This “thought experiment” isn’t happening in a vacuum. It’s happening in a place inhabited by a group of people who have a heightened danger of being raped, and a group of people who are disproportionately likely to rape– and sometimes, without understanding that what they are doing really is rape. Is Landsburg oblivious to that? Or is he knowingly advocating a heinous crime?

    • says

      To be fair, I’m pretty sure he wrote it on his blog rather than saying it in the classroom. I don’t think that teachers/professors should be disciplined for things they do on their own time, within reason, because I think that educators deserve to have a life outside of their career just like everyone else does.

      HOWEVER, I strongly agree with your comments about the fact that this isn’t happening in a vacuum, and what sorts of messages this may send to Landsburg’s students, who may read his writing. And honestly, maybe he does talk about it in class; I have no idea. College professors get a ton of leeway on what they talk about in class, so it’s not like anyone’s necessarily checking.

  4. Mattir, Another One With Boltcutters says

    I actually like thought experiments, but only done in well-labeled limited spaces with people who consent to participate and when you’ve stated at the outset that you believe rape is wrong and harmful. And anyone who wants to do such thought experiments needs to stand up and shout bloody murder should mass media start reporting their discussions without the values statements about rape being wrong and harmful.

    Come to think of it, a significant amount of evo-psych research would benefit from the same sort of statement of values at the outset…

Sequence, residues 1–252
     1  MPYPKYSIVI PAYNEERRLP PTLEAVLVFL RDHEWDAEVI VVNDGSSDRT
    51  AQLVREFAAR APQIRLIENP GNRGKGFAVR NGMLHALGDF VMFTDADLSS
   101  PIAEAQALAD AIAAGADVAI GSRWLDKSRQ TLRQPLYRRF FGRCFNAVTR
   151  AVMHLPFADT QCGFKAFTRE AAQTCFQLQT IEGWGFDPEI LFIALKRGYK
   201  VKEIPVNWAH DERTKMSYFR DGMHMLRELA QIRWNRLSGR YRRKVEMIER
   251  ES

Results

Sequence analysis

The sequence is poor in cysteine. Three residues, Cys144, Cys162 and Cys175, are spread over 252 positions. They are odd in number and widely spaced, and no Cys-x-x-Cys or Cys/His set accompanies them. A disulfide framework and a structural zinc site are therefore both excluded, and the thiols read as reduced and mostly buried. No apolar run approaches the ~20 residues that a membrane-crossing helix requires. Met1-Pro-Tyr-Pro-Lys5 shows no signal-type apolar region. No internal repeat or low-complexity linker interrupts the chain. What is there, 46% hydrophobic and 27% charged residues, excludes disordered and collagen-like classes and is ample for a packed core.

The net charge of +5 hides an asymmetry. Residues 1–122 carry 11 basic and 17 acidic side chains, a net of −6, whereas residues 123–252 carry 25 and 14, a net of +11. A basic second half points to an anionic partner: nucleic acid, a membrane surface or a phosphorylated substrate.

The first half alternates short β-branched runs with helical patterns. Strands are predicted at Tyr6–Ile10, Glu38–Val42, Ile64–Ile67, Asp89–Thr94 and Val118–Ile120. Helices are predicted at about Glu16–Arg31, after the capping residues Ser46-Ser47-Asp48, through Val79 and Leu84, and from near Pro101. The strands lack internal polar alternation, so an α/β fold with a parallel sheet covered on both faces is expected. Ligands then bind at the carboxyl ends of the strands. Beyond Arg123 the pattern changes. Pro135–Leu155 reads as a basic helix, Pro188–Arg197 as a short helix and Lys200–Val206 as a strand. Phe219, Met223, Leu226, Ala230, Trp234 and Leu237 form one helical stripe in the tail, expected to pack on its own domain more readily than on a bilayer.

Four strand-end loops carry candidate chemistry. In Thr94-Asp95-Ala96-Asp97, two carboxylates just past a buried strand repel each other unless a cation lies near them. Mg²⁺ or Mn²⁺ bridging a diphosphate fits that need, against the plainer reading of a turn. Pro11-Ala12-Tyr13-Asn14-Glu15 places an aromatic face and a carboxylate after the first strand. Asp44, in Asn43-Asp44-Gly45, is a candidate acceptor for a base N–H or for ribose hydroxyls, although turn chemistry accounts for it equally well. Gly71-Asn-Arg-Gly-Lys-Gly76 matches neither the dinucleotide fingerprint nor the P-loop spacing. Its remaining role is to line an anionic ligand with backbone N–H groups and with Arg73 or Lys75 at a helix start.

• Ysanne says

      Exactly my thoughts.

      My body is not a bike. It’s not a house. It’s not a car. It is not money. Using my body without asking me first is not like robbery.

      And even if it were… if someone just took my bike, car, house, money, whatever-other-thing when I’m not looking, used it, finished before I notice, and possibly even returned it to its original or better condition, it would still not be acceptable, especially to libertarians who seem to take the concept of ownership very seriously.

      Also, with the “what’s the harm, she didn’t even notice” line of argument, you could as well justify killing someone painlessly in their sleep: After all, they won’t notice or be bothered by it, ever.

  5. wowsers77721 says

    I’d add I’m tired of terms like “thought experiment” being used to get a free pass on agendas and biases, or that intentionally loaded statements are mere logic exercise because it’s economics or philosophy.

    Save pure math (perhaps), even science has to deal with bias, morality, politics and agendas because it’s being conducted by humans. And philosophy and economics are not science.

    As Emanuel Derman points out in “Models Behaving Badly” at best they are academic disciplines which rely on modeling, a selective reductive version of reality which is not scientific theory. That selective aspect is always informed by human biases no matter how much math is piled on top of it. They may be complex, disciplined moral arguments, but they are still informed opinions with human flaws.